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Steven Frischling
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Work: JFK-SFO-CDG-HKG
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Fish has been covering aviation and transportation security issues since September 15, 2001, after walking away from Ground Zero in Lower Manhattan following four days of documenting the worst aviation security disaster in history.

Having spent more than a decade-and-a-half as a full-time photojournalist, Fish now divides his time between building social media and social commerce strategies and solutions for global travel brands, along with researching aviation and transportation security.

Growing up at the end up New York's JFK International Airport's Runway 4R/22L probably explains Fish’s enjoyment of watching planes fly overhead. When not working or shooting photos, Fish can be found playing with (and cleaning up after) his three kids, chasing his dogs, standing in the kitchen cooking, monitoring radios public safety and federal radios and of course cheering for the Red Sox.

You can find Fish on Twitter at @flyingwithfish …and … join Fish every Thursday at 3:30pm EST as he hosts the weekly #TNI #Travel Chat on Twitter.

Alaska Airlines’ Internal Note On An External Wing

Last Saturday, the 28th of July 2012,  as Alaska AirlinesBoeing 737-790 N611AS flew along passengers noticed some writing in black magic marker on the aircraft’s starboard side, with an arrow pointing to a cut out in the flap.

 

While the crescent shaped cut out on the 737’s outboard flap has clearly been machine cut and smoothed, an arrow pointing to the cut out is accompanied by “We Know About This” in large black marker.   Understandably, passengers may be alarmed by seeing any damage on their aircraft, no matter how minor, and they likely may not have noticed it had the cut out not been marked.

 

To minimize the viral nature of the photo depicting the note on the wing, Alaska Airlines tweeted The way this was communicated on the plane wasn’t appropriate. Our apologies for any alarm it may have caused,however the message on the wing clearly was not for passengers.

 

Airlines often leave notes in magic marker, or on tape, or place tape over areas that need mechanical attention (there is specific tapes approved for internal use and external use). These notes and tape-overs aren’t for passengers, but rather for ground crews and mechanics. If you walk around enough planes you’ll find random things written in random places … not on all planes … but you’ll spot these telltale signs of a non-functioning galley outlet, a sticky lavatory door lock, and a broken seat tray table.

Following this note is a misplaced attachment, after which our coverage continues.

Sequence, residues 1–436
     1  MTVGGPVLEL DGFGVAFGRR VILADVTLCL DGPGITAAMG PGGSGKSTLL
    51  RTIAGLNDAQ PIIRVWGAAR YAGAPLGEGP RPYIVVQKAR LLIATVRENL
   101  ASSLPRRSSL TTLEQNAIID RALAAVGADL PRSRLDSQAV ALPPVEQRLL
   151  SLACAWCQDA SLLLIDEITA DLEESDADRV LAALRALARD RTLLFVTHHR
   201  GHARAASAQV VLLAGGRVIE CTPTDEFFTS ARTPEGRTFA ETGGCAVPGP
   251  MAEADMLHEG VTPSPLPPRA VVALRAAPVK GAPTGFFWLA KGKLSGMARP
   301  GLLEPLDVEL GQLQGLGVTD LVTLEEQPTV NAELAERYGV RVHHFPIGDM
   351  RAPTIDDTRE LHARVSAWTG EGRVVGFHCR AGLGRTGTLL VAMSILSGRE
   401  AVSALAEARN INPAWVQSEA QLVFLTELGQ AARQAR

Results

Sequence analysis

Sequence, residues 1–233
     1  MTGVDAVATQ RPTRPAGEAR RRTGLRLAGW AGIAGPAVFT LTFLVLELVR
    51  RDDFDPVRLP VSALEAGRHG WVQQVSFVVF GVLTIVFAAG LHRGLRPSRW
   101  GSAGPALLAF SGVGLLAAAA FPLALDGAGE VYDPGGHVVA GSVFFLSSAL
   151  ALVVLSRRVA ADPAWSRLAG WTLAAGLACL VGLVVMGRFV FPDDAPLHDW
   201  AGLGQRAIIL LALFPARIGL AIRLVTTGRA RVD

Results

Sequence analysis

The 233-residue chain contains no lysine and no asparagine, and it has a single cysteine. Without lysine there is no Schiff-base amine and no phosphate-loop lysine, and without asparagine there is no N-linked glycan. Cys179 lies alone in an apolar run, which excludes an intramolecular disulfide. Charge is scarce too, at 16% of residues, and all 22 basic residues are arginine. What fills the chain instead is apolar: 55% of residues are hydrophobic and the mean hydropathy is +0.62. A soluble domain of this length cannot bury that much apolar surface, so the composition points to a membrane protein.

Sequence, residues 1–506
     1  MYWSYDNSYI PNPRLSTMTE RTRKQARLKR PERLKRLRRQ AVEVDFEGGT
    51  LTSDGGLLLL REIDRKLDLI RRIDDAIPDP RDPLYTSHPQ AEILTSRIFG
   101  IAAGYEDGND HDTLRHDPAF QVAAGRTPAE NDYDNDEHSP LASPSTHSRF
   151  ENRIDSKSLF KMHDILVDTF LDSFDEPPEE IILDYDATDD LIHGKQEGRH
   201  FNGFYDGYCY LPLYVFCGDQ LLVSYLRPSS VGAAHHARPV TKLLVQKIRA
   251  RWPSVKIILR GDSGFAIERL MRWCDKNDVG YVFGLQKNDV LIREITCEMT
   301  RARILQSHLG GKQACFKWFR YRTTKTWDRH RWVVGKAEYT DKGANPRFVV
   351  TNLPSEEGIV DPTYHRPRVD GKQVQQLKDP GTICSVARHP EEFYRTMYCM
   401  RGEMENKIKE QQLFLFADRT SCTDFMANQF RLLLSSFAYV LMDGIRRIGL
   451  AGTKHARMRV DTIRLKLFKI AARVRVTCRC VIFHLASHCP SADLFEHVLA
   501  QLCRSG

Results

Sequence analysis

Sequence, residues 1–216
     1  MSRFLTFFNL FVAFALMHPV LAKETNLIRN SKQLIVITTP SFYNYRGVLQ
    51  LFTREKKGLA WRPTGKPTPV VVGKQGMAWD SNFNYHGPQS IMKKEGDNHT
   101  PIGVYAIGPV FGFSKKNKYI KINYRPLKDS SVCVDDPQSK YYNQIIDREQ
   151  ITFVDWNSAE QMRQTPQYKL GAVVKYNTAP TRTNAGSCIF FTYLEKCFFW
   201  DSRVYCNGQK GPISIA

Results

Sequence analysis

Granted, Alaska Airlines ground staff could have left their note on the underside of the flap … but if nothing else, it is sure was polite of the ground staff to let the passengers know that they were aware of the cut out in the flap … while also saving the ground staff at each station from documenting the cut in the flap, which is apparently an approved deferred mechanical repair.

 

Below is a photo, from Reddit, of what passengers on board Alaska Airlines’ aircraft N611AS saw as they looked out their window.

 

Happy Flying!

 

@flyingwithfish

 

6 Responses

  1. I suppose the Post-It notes kept blowing off.

  2. […] when seen on board an aircraft.  This reader mail was spawned by yesterday’s blog post, Alaska Airlines’ Internal Note On An External Wing, and comes from Andrea J., in Manitoba, […]

  3. […] incident July 28 drew comments on Twitter and other social media websites.  The blog Flying with Fish first posted about an unintentional message that was written on an Alaska Airlines wing and the […]

  4. […] incident July 28 drew comments on Twitter and other social media websites.  The blog Flying with Fish posted about the unintentional message that was written on an Alaska Airlines wing and the photo, […]

  5. I have to wonder what I would do if I saw that. I think I would have asked a crew member something to the effect of “what’s that about?” and let it be after that.

    Would it have been better if it were on the underside? I doubt it. The cut would still be there, and without a message indicating that it’s a known condition/issue, it may be more of a concern.

    @Matt: :)

  6. As an aircraft mechanic, I think the flap should have been repaired back to its original design specifications. If you are going to all the trouble and time to machine cut a portion out why not fix it to original specifications Although its an approved deferral method – it still looks tacky – a flight control with a hunk removed and a hand written note ………really???

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